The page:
Monday, May 23, 2011: Magic of Music
Or,What Happens To The Duck?
In which fairytale does an evil wolf not get killed, but instead gets taken to a zoo? (And not only that, but with a duck he had eaten still alive in his stomach?)
The correct answer is Peter and the Wolf, a story by the Russian composer Sergei Prokofiev, who composed the piece to prove that instruments can tell stories. That his composition has been re-recorded and performed repeatedly since it was written in 1936 suggests that his assumption was right.
Last week’s performance of Peter and the Wolf by the Berg Orchestra at the church of Sts. Simon and Jude was narrated by the film and tv actor Miroslav Táborský. It proved that the magic of the classical music fairytale still works on children – even in the age of non-stop digital entertainment.
Just before 9:00 am the first orderly groups of school children start to take their seats in the church concert hall. A sense of excitement is in the air. Some of the children, like pupils from Chmelnice Elementary School, have already talked about the concert with their music teacher Eluna Lesniaková. But a class from Hovorčovická elementary will discuss their impressions after the concert.It’s a pleasant improvement from former days when students were dropped into a concert hall without explanation, before or afterwards, says Eva Kesslová, the orchestra’s lively manager. Such experiences in the past set low expectations about classical music for more than one generation of Czechs.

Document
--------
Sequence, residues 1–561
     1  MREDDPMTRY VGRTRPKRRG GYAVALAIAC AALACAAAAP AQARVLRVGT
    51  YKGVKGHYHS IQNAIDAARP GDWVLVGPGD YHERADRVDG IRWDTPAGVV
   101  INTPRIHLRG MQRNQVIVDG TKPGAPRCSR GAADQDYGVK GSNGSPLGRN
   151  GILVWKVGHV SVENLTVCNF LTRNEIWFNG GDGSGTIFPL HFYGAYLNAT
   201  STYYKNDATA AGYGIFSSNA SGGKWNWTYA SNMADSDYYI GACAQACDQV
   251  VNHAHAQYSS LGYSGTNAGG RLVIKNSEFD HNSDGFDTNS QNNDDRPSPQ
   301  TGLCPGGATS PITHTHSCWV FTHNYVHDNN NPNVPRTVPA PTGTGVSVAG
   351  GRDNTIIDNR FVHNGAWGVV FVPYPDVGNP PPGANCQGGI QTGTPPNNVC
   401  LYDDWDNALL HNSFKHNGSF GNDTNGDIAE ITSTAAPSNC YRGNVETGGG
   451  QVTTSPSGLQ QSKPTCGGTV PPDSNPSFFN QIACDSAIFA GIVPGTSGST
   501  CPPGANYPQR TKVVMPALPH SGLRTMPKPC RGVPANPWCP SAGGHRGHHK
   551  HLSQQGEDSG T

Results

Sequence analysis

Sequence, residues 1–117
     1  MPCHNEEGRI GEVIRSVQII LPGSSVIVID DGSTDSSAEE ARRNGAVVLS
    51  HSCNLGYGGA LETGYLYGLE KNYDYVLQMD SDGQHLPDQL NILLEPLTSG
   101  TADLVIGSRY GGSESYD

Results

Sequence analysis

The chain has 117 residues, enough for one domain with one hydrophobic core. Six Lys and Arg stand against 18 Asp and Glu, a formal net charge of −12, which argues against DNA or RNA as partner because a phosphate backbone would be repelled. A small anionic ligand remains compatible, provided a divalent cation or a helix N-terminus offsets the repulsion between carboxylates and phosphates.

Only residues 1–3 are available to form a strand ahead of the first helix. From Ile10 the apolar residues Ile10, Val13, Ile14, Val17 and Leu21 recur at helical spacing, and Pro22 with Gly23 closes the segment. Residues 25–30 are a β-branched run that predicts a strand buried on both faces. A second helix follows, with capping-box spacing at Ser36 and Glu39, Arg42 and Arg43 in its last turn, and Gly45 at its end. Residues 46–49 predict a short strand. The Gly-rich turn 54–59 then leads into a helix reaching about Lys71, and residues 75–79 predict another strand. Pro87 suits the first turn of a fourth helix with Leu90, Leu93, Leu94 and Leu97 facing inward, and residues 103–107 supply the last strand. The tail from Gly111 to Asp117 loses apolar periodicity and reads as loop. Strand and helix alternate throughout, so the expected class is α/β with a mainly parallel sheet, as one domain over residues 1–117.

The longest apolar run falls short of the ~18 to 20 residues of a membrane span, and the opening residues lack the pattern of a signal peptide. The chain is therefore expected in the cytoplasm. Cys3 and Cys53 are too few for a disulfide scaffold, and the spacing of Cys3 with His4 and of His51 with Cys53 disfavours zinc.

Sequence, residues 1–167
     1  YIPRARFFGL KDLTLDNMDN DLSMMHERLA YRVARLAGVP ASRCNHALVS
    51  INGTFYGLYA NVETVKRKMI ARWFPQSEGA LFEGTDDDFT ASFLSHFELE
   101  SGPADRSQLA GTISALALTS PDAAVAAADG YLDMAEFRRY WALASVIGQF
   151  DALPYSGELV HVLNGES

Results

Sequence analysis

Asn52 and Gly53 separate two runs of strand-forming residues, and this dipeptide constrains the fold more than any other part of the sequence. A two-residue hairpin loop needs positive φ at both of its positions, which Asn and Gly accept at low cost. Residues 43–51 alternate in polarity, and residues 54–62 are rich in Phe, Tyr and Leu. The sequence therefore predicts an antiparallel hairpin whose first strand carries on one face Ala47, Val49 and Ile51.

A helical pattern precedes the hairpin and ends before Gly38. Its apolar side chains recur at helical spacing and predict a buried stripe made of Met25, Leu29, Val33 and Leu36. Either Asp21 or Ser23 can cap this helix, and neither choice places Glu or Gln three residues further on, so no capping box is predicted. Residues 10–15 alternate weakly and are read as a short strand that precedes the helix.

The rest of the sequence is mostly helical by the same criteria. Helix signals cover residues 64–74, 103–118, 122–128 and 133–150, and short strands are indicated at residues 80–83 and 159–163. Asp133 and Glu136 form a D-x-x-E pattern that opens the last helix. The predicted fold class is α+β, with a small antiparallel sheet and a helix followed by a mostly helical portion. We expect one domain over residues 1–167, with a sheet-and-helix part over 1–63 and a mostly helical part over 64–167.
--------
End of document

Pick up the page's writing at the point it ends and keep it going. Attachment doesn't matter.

But these morning educational concerts are part of a menu of programs especially for schools, under the auspices of the Prague Symphony Orchestra.
The Berg orchestra has been performing Peter and the Wolf for young listeners for almost ten years. Today’s narrator, Mr Táborský, tells Opus Osm the pleasure for him is in guiding young listeners through the story. Compared to his usual roles as an actor, “the timing is a little different,” he says. “But the conductor is very exact; he gives me the entry point, and I’m able to recognize it according to the notes in the music.”
Under the baton of Peter Vrábel, the Berg musicians will make the children’s initiation into the world of classical music smooth and painless. Before embarking onto Prokofiev’s fairy tale, the children listen to the orchestra’s Baroque version of the Beatles’ A Hard Day’s Night.
Then Mr. Táborský explains that each instrument occupies a different role in Peter and the Wolf. Peter, the young protagonist, is portrayed by a playful violin, while the wolf is played by a threatening French horn, and the fat duck by a slow-quacking oboe.
It’s no easy task to engage almost 100 children with an average attention span of 15 minutes. But the Berg Orchestra’s musicians hold their audience rapt, even without any teacherly shushing.
And in the end, Peter is able to catch the wolf and send him to the zoo, to the happy applause of the young audience.
The fate of the duck is a bit less certain. — oo
Photo Credits: Miroslav Setnička, Mary Matz